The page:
Really cool thanks so much for sharing.
Seems like we have some good characters on the team.
but this was my favorite:
Dennis Norfleet is a music major, he sings. I asked what he is thinking of onfield when he is drumming and he likes R+B, nothing specific. He doesn't like pump up songs.
Not only is he part of my beloved School of Music, but he has the drive to make it into two very difficult fields of study at UM. Considering the time commitment involved in the study of music and football, that is nothing short of outstanding.
Do members of the team call it the "dong forest"? Great work, it was very informative and sounds like a great time!
Unfortunately, it probably has a real name.
but I couldn't get the words "dong forest" out of my mouth. It seemed so embarrassing at the time.
I think I'm in Love. Loves UM, participates in a UM Football Camp, AND can tell an amazing story...what a catch! :)
some more cowbell with that. Watch your back - my husband is pretty active on the board! Don't make him jealous! ;-)
Don't want to step on anyone's toes...but he's a lucky man! I've never been able to get anyone to sit through a quarter of a UM game much less half the things it seems you do....got a sister? LOL
Hope you recovered from the camp!
This is the official photographer website with ALL the pix. You can look for me, I'm the short one in the Michigan gear! http://goblue.ortmanphoto.com/
Wow wow wow. That is all.
Thanks so much for posting this! I thoroughly enjoyed reading about your experiences.
I'd just like to clarify a common mistake in regards to the difference between strength and conditioning coaches and athletic trainers. The people you spoke with about each player's individual training program are strength and conditioning coaches. Many have a degree in a related field, but there's no educational requirement to become a S&C coach. They simply must pass a basic test and then can begin work immediately. Obviously at a place like Michigan these coaches are extremely knowledgable and have formal training and experience, but at a lot of places they are simply former athletes whose only training comes from their own weightlifting experience.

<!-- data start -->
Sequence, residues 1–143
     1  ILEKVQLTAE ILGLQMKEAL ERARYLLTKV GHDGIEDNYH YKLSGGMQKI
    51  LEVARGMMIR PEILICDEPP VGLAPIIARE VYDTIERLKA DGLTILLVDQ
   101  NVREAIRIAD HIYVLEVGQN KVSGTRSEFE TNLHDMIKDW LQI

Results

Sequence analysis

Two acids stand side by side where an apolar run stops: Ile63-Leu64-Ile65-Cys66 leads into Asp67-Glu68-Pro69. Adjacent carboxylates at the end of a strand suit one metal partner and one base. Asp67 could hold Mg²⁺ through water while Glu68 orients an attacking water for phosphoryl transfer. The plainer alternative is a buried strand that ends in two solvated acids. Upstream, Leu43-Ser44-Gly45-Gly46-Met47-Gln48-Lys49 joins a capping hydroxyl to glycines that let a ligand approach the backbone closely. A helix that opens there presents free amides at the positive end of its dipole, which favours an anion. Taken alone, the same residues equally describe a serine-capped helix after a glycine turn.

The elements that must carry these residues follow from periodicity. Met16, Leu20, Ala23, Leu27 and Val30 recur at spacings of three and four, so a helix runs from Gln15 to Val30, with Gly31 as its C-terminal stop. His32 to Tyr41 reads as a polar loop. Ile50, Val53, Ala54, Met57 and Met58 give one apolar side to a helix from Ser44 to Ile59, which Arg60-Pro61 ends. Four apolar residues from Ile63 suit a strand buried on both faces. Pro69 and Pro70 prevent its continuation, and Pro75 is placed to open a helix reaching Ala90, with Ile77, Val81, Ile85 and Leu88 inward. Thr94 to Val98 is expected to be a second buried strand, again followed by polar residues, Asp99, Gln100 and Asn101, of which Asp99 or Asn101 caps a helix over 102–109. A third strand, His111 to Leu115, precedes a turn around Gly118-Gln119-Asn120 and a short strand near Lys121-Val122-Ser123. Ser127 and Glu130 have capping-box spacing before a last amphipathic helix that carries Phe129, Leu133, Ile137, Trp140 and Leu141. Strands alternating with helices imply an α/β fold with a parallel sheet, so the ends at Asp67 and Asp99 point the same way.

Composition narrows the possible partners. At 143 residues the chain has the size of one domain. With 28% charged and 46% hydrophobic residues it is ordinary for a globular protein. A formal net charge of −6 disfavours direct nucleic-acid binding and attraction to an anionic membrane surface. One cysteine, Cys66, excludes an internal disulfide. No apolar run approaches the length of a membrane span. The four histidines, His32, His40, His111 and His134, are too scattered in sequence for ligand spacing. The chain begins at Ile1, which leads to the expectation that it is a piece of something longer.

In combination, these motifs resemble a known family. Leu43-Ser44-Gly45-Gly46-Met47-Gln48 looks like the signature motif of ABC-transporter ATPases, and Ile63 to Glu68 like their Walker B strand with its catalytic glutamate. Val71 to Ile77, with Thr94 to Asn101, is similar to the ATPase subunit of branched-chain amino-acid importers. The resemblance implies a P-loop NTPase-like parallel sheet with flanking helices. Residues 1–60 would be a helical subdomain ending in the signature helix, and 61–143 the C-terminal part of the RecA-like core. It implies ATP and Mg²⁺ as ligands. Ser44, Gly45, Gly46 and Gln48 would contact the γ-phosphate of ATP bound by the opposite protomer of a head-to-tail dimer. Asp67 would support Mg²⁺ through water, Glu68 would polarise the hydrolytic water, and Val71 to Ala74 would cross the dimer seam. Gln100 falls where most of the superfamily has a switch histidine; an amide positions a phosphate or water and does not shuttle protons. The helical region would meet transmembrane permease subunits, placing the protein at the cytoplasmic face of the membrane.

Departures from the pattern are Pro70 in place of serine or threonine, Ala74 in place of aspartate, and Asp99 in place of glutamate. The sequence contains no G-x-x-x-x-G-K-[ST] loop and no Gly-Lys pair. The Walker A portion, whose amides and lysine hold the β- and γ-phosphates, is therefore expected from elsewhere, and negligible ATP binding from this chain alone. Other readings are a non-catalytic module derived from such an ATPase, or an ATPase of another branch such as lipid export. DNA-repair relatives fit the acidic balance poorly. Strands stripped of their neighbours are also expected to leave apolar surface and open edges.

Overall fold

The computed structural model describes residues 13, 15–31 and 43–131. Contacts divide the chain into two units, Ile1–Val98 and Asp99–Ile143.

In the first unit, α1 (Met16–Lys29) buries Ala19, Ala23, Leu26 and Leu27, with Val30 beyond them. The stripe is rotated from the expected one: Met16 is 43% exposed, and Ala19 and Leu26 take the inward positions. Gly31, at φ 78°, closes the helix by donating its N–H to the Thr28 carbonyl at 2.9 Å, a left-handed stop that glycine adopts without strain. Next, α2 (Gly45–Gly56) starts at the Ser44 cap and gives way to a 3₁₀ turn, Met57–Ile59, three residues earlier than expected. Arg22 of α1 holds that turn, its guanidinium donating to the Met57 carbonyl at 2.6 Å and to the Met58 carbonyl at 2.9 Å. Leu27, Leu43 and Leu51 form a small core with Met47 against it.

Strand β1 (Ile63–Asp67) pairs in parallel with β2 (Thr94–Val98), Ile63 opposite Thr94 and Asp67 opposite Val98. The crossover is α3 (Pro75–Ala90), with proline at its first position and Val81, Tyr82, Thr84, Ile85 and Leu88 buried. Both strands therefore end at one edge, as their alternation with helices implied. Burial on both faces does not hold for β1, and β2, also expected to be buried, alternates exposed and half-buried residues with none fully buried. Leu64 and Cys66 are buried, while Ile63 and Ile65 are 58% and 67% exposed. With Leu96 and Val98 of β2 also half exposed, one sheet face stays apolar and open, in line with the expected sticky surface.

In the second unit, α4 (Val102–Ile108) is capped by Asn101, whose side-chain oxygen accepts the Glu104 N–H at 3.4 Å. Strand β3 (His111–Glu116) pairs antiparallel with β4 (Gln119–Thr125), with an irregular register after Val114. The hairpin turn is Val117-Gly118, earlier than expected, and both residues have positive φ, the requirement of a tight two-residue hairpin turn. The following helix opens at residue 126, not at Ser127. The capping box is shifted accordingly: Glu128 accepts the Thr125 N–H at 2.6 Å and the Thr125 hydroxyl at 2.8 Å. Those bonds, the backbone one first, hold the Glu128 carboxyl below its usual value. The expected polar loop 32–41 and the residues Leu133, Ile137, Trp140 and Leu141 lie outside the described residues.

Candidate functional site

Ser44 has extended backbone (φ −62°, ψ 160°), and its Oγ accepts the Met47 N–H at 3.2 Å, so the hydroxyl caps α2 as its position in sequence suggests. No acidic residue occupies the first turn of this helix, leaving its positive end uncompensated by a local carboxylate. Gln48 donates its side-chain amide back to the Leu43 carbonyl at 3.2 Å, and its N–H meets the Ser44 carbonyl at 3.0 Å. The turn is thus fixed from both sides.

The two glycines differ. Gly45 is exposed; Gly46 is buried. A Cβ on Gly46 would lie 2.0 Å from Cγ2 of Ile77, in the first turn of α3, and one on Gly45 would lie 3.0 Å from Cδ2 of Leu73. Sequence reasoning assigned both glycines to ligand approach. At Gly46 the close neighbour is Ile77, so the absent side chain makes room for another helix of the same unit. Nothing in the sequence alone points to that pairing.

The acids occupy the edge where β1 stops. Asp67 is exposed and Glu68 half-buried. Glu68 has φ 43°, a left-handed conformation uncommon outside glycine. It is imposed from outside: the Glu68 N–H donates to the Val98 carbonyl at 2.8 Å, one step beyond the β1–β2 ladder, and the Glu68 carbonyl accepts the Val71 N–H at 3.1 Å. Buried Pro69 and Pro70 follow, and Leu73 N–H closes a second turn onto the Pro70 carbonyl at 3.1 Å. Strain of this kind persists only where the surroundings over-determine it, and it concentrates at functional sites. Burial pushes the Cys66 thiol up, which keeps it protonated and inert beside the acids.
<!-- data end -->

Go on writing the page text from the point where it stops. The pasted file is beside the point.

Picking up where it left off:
Athletic trainers (which I happen to be, and spent two seasons working with the football team) are allied health professionals who work closely with team physicians to provide medical care to the athletes. All athletic trainers have graduated from an accredited 4-year program and have passed a comprehensive certification exam. The treatment and rehab Jake Ryan talked about is being provided almost entirely by a team of athletic trainers working under the supervision of a physician. We are certainly not held to the 8 hours of contact per week restrictions like S&C coaches - we're usually the first people to arrive in the morning and the last to leave in an attempt to get injured players back participating as quickly and safely as possible.
Sorry if this is too long, but as an athletic trainer I felt it was an important distinction to make. I'm no longer working with the team, but the two seasons I spent with them were some of the best years of my life. Having worked with these players every day I got to know them all very well, and your experiences perfectly describe them as I came to know them. Thanks again for sharing!